“I am from China, from one big Chinese city with the population of eight million. While I was in China I didn’t know anything about Estonia, I had heard very little about it. All three Baltic States were mixed up in my mind; I knew that they are located near Russian Federation and are former Soviet Union countries.
I was a very active person as a student in China and I didn’t like when there were too much control over the society. I participated in Beijing demonstration, but unfortunately freedom never came to China and also the Soviet Union collapsed. At university western philosophy was very popular. I came to Estonia in 1994, I was working as a Translator (I was studying Russian language at university) in a Chinese company. I came to Estonia because here there’s economic freedom and many possibilities for personal development.
Estonia is a very good country. Estonian people are peaceful. During the 22 years that I’ve lived here I never had any serious conflict. Local people talk to me in English, however language plays very important role. It wasn’t possible to understand what is going on in the society and in politics if you don’t understand Estonian language. I was searching for different possibilities of learning, I took the language course but it wasn’t enough. I think that reading is the best way to learn a language. I visited libraries and borrowed big English-Estonian dictionaries. After a while I started to understand the grammar too, how to build the sentences, that knowledge helped me a lot. Then I started watching TV. When you don’t know the language, TV is not just entertainment, it is the way of learning.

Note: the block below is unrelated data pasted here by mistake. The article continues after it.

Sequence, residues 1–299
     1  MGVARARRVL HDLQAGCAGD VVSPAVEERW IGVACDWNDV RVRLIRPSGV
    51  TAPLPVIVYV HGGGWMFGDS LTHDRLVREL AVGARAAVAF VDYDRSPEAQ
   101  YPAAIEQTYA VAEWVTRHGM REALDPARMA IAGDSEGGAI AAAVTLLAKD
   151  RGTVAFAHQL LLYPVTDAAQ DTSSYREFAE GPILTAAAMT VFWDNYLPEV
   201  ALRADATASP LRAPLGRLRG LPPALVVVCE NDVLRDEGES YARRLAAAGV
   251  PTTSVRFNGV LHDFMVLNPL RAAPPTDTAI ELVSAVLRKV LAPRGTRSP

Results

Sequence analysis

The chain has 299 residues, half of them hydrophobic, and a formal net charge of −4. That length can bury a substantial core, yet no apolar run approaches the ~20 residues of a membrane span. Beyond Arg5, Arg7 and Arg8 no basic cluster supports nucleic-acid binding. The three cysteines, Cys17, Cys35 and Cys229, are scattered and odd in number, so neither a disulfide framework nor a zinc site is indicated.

I also took a bookkeeping course in Estonian language and I had to pass an exam, that wasn’t possible to pass without understanding of Estonian language. Then I met one person who has a Gymnasium for adults and I decided to join. The Director of the Gymnasium couldn’t believe that a person with higher education is willing to go back to school. So I studied one year and finished 12th grade in Estonian. I was looking for free language learning possibility and I found it.
My wife is Estonian, we met at Concordia University, where we were both students. I always tell our children that they are Estonians, they live here. They talk to their mother in Estonian. They know Chinese only a little, as they don’t use it and there is no motivation to learn it. As I work a lot, there is no time for me to talk to them in Chinese nor to teach them. However, we went to China together, they were exploring the culture and visiting relatives, so the connection with China still exists.”